William Allingham (1824–1889) was a minor poet from Ballyshannon, Co. Donegal, and a close friend of many of the famous people of the day – in particular Tennyson, D. G. Rossetti and Thomas Carlyle. He was a humane and curious man, and his diary offers often amusing glimpses into the lives of his Victorian contemporaries.
The following is an extract from August 1858.
Returning to Paris, after a short tour in Switzerland and North Italy, I found Thackeray in the Hotel Bristol with his two daughters. He not well — often in bed till mid-day or later — struggling with (Pendennis), but in the evening usually recovering himself.
I told him I had been with the Brownings (who were then in Paris, staying in the Rue Castiglioni, No. 6).
‘Browning was here this morning,’ Thackeray said, ‘ what spirits he has — almost too much for me in my weak state. He almost blew me out of bed!’
‘A wonderful fellow, indeed!’
‘Yes, and he doesn’t drink wine.’
‘He’s already screwed up to concert pitch.’
‘Far above it. But I can’t manage his poetry. What do you say?’
(I spoke highly of it),
‘Well, you see, I want poetry to be musical, to run sweetly.’
‘So do I.’
‘Then that does for your friend B.!’
I spoke of Browning’s other qualities as so splendid as to make him, as it were, a law in himself. But Thackeray only smiled and declined further discussion.
‘He has a good belief, in himself, at all events. I suppose he doesn’t care whether people praise him or not.’
‘I think he does, very much.’
‘O does he? Then I’ll say something about him in a number.’
Thackeray took me to dine with him in the Palais Royal. He noticed with quiet enjoyment every little incident — beginning with the flourish with which our waiter set down the dishes of Ostend oysters. After tasting his wine Thackeray said, looking at me solemnly through his large spectacles, ‘One’s first glass of wine in the day is a great event.’
That dinner was delightful. He talked to me with as much ease and familiarity as if I had been a favourite nephew.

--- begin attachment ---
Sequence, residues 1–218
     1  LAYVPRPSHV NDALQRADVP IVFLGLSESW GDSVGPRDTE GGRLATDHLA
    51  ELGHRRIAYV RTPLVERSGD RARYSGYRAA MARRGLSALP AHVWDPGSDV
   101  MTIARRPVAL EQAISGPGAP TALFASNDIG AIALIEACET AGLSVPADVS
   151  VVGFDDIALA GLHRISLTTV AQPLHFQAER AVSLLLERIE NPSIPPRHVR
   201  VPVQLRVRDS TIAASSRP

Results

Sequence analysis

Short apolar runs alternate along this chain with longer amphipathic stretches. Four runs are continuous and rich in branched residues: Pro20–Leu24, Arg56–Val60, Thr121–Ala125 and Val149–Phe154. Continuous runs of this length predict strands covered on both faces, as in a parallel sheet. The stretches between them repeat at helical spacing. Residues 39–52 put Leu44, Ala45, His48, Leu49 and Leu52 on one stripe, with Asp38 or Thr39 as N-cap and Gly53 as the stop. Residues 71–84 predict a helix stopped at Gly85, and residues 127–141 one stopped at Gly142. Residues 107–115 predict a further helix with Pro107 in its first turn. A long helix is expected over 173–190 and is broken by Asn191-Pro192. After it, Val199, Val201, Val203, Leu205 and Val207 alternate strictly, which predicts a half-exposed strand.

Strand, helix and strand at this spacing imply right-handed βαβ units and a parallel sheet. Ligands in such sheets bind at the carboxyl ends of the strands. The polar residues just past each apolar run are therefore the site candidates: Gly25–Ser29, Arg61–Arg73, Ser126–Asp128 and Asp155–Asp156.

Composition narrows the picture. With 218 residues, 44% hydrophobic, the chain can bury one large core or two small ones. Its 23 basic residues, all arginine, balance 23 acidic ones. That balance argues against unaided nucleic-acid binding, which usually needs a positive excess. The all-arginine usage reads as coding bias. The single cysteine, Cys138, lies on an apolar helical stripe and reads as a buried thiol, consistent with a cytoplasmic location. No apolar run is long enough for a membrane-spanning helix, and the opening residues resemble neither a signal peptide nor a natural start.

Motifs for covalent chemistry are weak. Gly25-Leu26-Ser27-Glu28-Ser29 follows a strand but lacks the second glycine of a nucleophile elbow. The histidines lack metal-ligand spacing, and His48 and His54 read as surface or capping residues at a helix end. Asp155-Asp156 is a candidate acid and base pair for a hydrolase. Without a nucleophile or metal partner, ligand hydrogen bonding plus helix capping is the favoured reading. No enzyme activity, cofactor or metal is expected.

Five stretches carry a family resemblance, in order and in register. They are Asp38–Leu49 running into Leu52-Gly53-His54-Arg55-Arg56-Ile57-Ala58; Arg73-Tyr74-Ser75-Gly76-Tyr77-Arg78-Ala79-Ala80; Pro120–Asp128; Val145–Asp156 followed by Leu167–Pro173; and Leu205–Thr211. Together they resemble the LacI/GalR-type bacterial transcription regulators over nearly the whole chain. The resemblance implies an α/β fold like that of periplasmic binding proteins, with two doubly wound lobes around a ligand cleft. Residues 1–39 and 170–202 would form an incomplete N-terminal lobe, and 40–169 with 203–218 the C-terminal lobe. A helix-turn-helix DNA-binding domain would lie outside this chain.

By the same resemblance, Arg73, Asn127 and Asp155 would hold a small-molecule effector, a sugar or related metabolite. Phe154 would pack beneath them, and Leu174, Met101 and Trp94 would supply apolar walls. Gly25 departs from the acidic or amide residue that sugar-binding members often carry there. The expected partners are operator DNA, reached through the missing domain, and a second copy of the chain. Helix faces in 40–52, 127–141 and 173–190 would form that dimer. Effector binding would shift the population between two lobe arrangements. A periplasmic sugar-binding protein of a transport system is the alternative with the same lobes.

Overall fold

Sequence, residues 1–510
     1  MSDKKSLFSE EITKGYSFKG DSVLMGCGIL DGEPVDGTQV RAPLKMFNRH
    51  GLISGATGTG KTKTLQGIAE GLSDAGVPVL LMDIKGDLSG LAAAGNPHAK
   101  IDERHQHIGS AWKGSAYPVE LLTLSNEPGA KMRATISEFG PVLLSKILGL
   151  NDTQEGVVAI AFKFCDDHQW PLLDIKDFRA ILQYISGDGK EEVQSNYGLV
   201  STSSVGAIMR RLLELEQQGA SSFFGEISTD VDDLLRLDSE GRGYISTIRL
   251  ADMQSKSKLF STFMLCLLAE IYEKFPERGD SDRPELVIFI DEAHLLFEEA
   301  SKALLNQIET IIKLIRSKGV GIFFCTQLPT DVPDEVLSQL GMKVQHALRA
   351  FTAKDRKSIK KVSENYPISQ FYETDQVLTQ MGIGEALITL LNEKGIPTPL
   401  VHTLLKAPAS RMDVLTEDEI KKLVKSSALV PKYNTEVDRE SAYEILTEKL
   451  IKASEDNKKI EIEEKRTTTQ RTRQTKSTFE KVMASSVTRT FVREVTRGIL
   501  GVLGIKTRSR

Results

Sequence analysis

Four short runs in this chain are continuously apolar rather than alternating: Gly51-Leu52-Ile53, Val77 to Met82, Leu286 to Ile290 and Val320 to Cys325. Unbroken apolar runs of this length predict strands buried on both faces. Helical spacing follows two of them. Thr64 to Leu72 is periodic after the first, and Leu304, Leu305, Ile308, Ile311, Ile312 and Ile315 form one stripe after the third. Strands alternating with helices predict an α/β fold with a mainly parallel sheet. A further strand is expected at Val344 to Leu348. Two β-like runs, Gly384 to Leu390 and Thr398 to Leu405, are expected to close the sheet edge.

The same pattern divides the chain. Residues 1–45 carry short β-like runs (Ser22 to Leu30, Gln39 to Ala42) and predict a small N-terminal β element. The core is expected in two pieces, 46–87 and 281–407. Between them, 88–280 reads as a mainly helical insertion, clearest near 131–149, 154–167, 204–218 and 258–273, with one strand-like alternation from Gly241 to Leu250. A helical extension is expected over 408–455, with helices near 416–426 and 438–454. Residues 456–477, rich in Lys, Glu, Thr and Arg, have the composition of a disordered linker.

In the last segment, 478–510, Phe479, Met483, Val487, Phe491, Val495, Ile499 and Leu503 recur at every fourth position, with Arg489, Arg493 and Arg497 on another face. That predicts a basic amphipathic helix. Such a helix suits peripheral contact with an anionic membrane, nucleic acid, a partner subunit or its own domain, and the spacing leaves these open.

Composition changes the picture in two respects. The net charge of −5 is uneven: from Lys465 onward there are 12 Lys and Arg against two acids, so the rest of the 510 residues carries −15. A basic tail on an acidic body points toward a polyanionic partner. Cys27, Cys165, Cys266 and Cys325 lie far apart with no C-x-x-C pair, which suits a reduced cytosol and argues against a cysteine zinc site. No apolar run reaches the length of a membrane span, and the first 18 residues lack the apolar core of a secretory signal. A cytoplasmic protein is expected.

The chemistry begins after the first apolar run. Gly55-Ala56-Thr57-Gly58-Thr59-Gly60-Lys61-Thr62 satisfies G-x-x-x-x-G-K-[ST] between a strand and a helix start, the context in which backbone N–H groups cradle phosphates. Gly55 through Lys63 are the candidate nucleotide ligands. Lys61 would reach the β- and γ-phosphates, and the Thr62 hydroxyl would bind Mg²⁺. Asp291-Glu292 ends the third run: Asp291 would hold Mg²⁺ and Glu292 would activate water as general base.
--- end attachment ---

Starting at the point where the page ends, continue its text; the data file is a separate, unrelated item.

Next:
After dinner Thackeray proposed that we should go to the Palais Royal Theatre, but on issuing forth he changed his mind, and said we would call up Father Prout. ‘His quarters are close by. You know him, don’t you?’
‘Yes, I know that singing priest a little.’
He was then Paris Correspondent of the Globe, and his letters were much admired. It was said that the Globe had been obliged to buy a fount of Greek type by reason of Mahony’s fondness for classical quotations.
In a narrow street at the back of the Palais Royal, in a large lowish room on the ground floor, we found the learned and witty Padre, loosely arrayed, reclining in front of a book and a bottle of Burgundy. He greeted us well, but in a low voice and said, ‘ Evening boys, there’s a young chap asleep there in the corner.’ And in a kind of recess we noted something like bed-clothes.
Thackeray was anxious to know who this might be, and Prout explained that it was a young Paddy from Cork or thereabouts, who had been on a lark in Paris and spent his money. Prout found him ‘hard up,’ and knowing something of his friends in Ireland had taken him in to board and lodge, pending the arrival of succour.
This piece of humanity was much to Thackeray’s taste, as you may suppose. Thackeray said the Burgundy was ‘too strong,’ and had brandy and water instead.
We talked among other things of Dickens. I said how much a story of Dickens might be improved by a man of good taste with a pencil in his hand, by merely scoring out this and that.
Says Thackeray (with an Irish brogue), ‘Young man, you’re threadin’ on the tail o’ me coat!’
I did not understand at first.
‘What you’ve just said applies very much to your humble servant’s things.’
I disclaimed this, and Prout said emphatically, ‘Not a word too much in them!’